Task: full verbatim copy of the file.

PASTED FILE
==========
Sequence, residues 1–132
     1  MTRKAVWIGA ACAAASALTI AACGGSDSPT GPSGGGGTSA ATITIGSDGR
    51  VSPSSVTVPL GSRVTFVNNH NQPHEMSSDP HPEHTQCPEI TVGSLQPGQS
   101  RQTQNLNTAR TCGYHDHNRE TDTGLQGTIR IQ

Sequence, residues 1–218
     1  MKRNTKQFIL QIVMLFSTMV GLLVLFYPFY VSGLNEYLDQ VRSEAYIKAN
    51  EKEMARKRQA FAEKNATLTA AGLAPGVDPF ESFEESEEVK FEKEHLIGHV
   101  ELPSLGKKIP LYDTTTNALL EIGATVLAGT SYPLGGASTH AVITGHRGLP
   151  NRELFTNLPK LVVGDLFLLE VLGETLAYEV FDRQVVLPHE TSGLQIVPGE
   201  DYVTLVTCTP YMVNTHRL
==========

Sequence, residues 1–132
     1  MTRKAVWIGA ACAAASALTI AACGGSDSPT GPSGGGGTSA ATITIGSDGR
    51  VSPSSVTVPL GSRVTFVNNH NQPHEMSSDP HPEHTQCPEI TVGSLQPGQS
   101  RQTQNLNTAR TCGYHDHNRE TDTGLQGTIR IQ

Sequence, residues 1–218
     1  MKRNTKQFIL QIVMLFSTMV GLLVLFYPFY VSGLNEYLDQ VRSEAYIKAN
    51  EKEMARKRQA FAEKNATLTA AGLAPGVDPF ESFEESEEVK FEKEHLIGHV
   101  ELPSLGKKIP LYDTTTNALL EIGATVLAGT SYPLGGASTH AVITGHRGLP
   151  NRELFTNLPK LVVGDLFLLE VLGETLAYEV FDRQVVLPHE TSGLQIVPGE
   201  DYVTLVTCTP YMVNTHRL